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London developers lack faith in Brexit extension solving anything

The London development industry is unconvinced that the latest Brexit extension will help solve the current impasse in the House of Commons.

According to the spring 2019 edition of the bi-annual London Development Barometer (LDB) survey by M3 Consulting - taken in mid-April to provide a snapshot of market sentiment just after the announcement of the latest Brexit extension - 48% of respondents do not believe it will lead to a better deal while only 36% do. Meanwhile, 16% said they did not know what impact the latest Brexit delay would have on pushing a deal over the line. 

A clear majority of nearly six in 10, however, agreed that the ongoing uncertainty surrounding Brexit will have a negative impact on development activity over the next five years, compared to only 15% who believe it will have a positive effect.


Despite all that has happened with Brexit since the autumn 2018 LDB six months ago – with Theresa May’s Withdrawal Agreement defeated three times in Parliament, and a number of delays to Britain’s proposed departure date - key indicators suggest that the impact of it is not anticipated to be ‘overwhelmingly prohibitive’.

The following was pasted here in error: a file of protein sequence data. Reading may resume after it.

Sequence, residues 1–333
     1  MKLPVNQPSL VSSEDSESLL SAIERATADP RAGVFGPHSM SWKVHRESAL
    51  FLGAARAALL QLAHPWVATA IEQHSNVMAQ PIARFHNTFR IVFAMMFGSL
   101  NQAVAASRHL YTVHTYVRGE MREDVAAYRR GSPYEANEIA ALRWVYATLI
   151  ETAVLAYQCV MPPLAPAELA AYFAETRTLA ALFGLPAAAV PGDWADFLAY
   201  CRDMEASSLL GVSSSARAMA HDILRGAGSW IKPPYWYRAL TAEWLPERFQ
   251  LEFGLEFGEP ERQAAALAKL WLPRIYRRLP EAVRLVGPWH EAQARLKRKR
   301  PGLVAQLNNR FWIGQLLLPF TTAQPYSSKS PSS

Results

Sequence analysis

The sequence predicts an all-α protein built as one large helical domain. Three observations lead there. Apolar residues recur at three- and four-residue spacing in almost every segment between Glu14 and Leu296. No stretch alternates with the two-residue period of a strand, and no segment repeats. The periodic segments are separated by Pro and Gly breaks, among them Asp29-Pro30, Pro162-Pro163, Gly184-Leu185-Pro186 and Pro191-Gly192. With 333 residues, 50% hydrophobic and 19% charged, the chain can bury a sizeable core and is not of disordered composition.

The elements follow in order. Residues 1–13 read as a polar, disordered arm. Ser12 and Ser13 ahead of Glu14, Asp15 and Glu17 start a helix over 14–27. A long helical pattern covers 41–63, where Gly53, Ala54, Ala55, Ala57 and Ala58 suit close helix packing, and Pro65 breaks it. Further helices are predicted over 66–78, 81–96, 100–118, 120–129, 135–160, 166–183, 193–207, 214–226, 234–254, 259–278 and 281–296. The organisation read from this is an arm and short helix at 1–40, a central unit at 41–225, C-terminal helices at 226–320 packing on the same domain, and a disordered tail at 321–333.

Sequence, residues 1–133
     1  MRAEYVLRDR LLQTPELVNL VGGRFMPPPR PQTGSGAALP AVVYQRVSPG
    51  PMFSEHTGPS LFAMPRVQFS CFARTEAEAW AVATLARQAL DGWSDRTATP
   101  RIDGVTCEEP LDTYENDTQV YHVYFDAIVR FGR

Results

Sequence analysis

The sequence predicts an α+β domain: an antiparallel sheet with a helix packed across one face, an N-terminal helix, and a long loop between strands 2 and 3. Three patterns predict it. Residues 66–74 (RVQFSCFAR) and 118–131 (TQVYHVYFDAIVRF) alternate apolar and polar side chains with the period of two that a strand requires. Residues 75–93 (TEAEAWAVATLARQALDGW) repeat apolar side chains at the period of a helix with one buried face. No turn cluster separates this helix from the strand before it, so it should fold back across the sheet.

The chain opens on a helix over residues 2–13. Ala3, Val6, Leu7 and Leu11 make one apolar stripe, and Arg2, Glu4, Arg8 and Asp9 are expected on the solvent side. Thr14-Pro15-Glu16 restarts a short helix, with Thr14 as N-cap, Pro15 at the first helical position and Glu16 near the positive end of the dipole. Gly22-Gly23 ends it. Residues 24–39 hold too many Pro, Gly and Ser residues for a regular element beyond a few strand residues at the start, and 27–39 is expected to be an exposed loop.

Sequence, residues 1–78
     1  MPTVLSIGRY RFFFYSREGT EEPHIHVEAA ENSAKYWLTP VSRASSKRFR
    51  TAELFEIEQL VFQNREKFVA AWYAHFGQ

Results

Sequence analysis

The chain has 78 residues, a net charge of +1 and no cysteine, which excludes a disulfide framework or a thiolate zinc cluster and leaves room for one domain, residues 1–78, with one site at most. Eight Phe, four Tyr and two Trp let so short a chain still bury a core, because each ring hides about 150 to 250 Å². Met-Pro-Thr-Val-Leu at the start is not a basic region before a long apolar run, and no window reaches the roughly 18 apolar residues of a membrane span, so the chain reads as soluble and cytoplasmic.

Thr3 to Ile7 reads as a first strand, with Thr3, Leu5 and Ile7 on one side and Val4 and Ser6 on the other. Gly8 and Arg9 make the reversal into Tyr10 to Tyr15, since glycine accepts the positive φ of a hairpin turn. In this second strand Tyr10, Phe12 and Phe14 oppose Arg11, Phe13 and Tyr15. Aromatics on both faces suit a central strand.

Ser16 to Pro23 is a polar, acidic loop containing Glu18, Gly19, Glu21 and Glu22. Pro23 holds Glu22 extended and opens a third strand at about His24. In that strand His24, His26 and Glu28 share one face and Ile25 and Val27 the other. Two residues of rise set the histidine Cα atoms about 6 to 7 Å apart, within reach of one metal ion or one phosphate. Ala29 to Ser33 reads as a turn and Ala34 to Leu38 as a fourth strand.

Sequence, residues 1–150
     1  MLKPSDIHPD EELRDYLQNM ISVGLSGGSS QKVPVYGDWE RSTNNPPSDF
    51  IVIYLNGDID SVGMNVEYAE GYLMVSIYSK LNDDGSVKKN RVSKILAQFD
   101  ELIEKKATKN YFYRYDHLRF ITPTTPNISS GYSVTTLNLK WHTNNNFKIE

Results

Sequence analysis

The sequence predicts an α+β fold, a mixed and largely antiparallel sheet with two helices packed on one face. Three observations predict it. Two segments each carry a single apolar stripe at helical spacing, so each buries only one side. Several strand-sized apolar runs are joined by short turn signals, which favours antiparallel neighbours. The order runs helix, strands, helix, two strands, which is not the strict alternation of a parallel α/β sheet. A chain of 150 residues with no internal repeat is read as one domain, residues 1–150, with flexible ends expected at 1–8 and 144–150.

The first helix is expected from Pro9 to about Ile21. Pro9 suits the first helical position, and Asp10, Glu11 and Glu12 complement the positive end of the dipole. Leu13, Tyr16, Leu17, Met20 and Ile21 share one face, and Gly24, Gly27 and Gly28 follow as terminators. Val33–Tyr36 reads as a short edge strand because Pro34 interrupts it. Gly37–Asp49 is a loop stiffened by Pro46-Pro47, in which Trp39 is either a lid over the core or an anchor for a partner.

Although 43% of respondents believe London development activity will fall over the next five years, this is still a marginal improvement on the 46% recorded six months ago, and a marked improvement over the 57% who thought the same in the first edition of the LDB in autumn 2017. 

What’s more, 32% of respondents now believe there will be greater levels of development activity in the capital, compared to 29% six months ago, and 19% in autumn 2017.

The survey also found that the development industry remains confident about foreign investment levels, with 64% anticipating that they will stay the same or rise after Brexit, up 13% from six months ago. Meanwhile, it’s Asia which is predicted by 74% to be the main source of inward overseas investment.

Furthermore, the industry is now slightly more optimistic when it comes to development finance, with 65% of respondents predicting an increase in the cost of finance compared to three quarters (75%) six months ago. Equally, 37% now believe there will be an increase in availability of finance, compared to 30% six months ago.

While confidence in market demand for every sector except retail remains positive on balance, the percentage of respondents predicting growth in several markets has declined compared to six months ago. These include affordable/council housing (down 13%), infrastructure (down 12%), Build to Rent (down 9%) and hotel and leisure (down 7%). 

However, confidence in offices improved, with nearly half (49%) of respondents expecting an increase in demand compared to 39% six months ago, while the senior living sector has taken over at the top, with some 84% foreseeing an increase. The industry, though, is undecided on residential sales, with 41% predicting an increase compared to 38% expecting a decrease.